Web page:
As a 24-hour-a-day, seven days a week, on-call nurse practitioner serving elderly and frail patients, my work day is anything but typical. I start my day not at a hospital or clinic, but at my dining room table. There, I document patient visits from the day before, write up my notes and place an average of 10 or more calls—ranging from setting up appointments to calling my patient’s family members for an update on how they’re doing to checking in with the various members of my patients’ healthcare teams.
I always have three patient appointments scheduled each day, which take place in the patient’s home, where it’s most convenient for them. Sometimes it’s to follow-up on a patient who was sick to make sure they’re feeling better, or to check in on a diabetic patient to make sure they’re managing their insulin appropriately. I also might accompany a patient who is having a hard time managing their diabetes on a trip to an endocrinologist to ensure the patient and I both understand the specialist’s recommendations to avoid any confusion down the road. In between my planned visits, I’m in constant communication with each patient’s interdisciplinary healthcare team, which includes a primary care physician, physical therapy, behavioral health and social services professionals.
Then there are the unexpected visits, which I always leave room for. And they always happen. Consider this example:
“Laura, this is Maria. My mother has a fever and is nauseous,” says the daughter of my 79–year-old patient, Rose. “I’ll be right over” is my easy and immediate answer.
I jump back in my car and drive from Natick, MA to the Cambridge senior housing complex where Rose—one of my frailest patients—lives takes about 45 minutes. When I go up to the apartment to see her, she indeed has a fever. She also has the chills, is nauseous and has been feeling a burning sensation when she urinates. I have my lab supplies with me and take a urine sample right away. The white blood cells in the sample indicate Rose has a urinary tract infection (UTI), so I call in a prescription for an appropriate antibiotic, and her daughter picks it up at the pharmacy across the street. The time from Maria’s initial call to the time of treatment for a UTI is approximately one hour and 30 minutes, and Rose didn’t even need to leave her home.
If Rose got her healthcare solely from a traditional practice, her flare-up could have easily spiraled downward. Her daughter called late in the day, a time when the doctor’s office would have been closed. She would have spoken to an on-call clinician who would likely have directed her to the emergency room, especially if there was no after-hours urgent care available. If she tried to get an appointment to see her primary care physician, she could have seen a wait time of several days, meaning her infection could have potentially worsened to something more serious.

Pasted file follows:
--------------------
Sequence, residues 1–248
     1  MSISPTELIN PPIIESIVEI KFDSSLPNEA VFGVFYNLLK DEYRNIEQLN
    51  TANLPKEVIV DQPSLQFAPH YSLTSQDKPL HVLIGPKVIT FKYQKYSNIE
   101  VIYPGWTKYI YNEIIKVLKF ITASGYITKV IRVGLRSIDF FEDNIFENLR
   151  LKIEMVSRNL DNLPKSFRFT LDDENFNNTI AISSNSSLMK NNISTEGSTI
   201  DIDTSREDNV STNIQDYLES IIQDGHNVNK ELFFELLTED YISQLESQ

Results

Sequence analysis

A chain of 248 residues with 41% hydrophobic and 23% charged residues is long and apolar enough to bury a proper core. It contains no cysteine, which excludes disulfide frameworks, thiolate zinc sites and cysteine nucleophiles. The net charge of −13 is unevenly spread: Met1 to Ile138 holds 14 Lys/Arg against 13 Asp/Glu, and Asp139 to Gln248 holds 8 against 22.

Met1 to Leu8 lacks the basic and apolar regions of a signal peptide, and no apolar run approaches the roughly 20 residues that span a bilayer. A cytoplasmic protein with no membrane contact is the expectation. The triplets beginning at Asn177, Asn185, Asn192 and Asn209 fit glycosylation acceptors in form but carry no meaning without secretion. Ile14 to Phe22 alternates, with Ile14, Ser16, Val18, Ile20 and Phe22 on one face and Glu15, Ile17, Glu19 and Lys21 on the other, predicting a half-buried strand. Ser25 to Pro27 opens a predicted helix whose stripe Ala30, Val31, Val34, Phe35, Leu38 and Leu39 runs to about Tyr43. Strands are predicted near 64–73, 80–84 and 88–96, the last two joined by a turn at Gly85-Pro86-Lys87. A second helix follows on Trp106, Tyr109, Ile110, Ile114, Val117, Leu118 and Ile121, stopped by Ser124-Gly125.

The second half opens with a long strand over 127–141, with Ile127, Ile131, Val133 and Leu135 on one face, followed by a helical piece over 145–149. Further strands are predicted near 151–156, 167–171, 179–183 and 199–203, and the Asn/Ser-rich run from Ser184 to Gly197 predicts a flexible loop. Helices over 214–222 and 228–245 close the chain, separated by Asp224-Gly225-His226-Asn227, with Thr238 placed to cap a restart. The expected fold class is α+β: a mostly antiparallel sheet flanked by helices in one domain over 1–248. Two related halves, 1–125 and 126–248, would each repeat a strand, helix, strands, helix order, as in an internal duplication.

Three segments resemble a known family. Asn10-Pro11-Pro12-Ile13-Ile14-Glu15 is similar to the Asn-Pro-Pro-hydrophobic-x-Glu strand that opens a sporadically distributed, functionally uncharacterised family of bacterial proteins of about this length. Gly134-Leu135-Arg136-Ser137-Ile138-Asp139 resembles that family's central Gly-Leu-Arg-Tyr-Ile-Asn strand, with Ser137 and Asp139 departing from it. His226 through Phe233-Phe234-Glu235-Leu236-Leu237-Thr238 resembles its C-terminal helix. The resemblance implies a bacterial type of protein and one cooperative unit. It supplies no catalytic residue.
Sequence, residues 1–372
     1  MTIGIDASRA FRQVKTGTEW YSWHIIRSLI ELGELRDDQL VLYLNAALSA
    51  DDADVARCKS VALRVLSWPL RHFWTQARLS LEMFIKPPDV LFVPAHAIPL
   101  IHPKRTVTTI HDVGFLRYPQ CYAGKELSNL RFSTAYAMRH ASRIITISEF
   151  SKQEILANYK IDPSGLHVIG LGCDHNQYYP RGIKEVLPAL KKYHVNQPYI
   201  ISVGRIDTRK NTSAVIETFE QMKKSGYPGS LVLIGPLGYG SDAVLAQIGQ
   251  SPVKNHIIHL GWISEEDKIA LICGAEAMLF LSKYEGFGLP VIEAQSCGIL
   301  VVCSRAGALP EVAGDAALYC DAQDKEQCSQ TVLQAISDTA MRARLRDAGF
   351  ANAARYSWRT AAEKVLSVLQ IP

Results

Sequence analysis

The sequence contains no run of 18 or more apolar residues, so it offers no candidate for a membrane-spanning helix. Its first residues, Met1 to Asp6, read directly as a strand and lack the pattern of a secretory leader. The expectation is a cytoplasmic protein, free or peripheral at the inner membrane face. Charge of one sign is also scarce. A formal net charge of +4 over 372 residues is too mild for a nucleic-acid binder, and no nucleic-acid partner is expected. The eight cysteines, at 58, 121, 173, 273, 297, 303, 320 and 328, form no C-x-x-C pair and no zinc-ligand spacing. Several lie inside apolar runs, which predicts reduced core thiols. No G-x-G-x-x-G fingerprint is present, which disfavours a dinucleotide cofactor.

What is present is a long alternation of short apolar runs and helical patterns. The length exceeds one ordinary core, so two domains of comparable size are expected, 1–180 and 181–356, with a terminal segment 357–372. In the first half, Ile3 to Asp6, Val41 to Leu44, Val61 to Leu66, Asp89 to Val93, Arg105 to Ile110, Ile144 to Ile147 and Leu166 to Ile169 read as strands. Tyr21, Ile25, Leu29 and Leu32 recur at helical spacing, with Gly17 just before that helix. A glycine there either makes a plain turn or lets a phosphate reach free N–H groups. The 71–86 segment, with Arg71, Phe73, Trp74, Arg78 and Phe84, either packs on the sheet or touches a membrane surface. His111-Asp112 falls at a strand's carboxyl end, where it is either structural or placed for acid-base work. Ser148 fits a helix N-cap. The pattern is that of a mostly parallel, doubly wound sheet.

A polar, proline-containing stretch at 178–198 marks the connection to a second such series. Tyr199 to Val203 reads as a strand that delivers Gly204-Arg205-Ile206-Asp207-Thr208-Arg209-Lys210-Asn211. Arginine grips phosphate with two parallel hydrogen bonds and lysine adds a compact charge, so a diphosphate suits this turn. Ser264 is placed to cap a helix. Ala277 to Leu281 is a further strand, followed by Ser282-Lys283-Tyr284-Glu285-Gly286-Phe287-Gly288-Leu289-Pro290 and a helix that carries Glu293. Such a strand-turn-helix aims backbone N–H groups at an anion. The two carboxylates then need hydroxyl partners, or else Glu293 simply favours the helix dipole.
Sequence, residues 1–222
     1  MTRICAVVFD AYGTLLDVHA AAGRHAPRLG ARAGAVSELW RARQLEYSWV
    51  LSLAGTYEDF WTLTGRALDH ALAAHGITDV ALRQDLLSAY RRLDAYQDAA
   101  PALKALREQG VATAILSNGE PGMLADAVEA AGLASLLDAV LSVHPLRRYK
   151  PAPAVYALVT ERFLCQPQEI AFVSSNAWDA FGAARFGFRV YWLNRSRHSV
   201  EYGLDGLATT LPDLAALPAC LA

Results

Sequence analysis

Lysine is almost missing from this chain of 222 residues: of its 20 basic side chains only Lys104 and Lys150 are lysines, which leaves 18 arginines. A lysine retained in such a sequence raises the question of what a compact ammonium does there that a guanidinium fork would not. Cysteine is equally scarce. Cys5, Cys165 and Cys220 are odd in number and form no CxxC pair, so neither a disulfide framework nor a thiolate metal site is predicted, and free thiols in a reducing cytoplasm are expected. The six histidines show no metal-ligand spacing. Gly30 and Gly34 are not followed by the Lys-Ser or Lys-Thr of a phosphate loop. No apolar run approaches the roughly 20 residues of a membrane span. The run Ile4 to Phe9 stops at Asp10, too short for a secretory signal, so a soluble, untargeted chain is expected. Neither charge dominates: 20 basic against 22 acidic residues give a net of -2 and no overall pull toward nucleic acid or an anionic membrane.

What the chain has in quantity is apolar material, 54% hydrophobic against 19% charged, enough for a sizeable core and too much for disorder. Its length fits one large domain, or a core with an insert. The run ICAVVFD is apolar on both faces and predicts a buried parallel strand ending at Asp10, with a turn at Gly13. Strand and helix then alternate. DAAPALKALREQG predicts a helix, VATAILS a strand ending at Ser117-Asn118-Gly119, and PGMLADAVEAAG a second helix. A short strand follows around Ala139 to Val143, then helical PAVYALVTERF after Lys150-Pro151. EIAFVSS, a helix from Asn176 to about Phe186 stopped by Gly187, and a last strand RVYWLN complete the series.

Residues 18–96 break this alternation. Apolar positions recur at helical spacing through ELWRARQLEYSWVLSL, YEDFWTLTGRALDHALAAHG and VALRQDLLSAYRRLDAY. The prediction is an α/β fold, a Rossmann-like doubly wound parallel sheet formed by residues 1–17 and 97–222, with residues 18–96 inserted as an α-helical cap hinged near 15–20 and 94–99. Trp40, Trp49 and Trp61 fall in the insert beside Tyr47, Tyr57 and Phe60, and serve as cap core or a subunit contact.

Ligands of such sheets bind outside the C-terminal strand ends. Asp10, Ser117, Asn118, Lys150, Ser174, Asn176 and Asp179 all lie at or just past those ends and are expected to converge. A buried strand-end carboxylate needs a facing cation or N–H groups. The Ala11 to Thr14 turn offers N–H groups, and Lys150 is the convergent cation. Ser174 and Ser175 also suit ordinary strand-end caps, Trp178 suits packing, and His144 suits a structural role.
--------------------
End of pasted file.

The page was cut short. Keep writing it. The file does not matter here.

Whether a patient is having problem with insulin management, or is experiencing abdominal pain, when there’s an acute issue we teach patients like Rose to call us before they go to the emergency room. As a nurse practitioner I am able to assess, order lab tests, diagnose and prescribe medication, and care for a wide range of acute issues in the home allowing our patients to avoid hospital visits that could lead to further complications. But my ability to provide home-based care achieves more than just reducing expensive ER visits.
Typically a primary care physician, nurse practitioner or physician assistant in an office setting sees approximately 20 to 24 patients per day and gets about 15 minutes to see the patient and document the visit, whereas I’m able to spend as much time as needed with a member in their own home to make sure they gets the care they need, understand the medication that’s been prescribed and know how to use any medical equipment. I have the opportunity to develop this relationship with all of my patients and am able to supplement their care with additional resources as I and the team see fit. I’m not bound by insurance policies and procedures, and red tape; my charge is simply to provide the care and resources my patient needs.
I feel fortunate to participate in a unique model of care that allows me, along with my care teams, to be very effective and focus on preventive measures. I feel like my work is improving lives. My patients are survivors. They didn’t get to be this age without overcoming their share of challenges, and they deserve to receive the highest quality of evidenced-based primary care. My days may be far from typical, but it’s worth it to be able to be the first line of defense in helping them sidestep exacerbations, and avoid hospitalization, live-in nurses, nursing home admissions and all of the medical complications that are associated with inpatient admission.
Laura Black is a nurse practitioner for Commonwealth Care Alliance.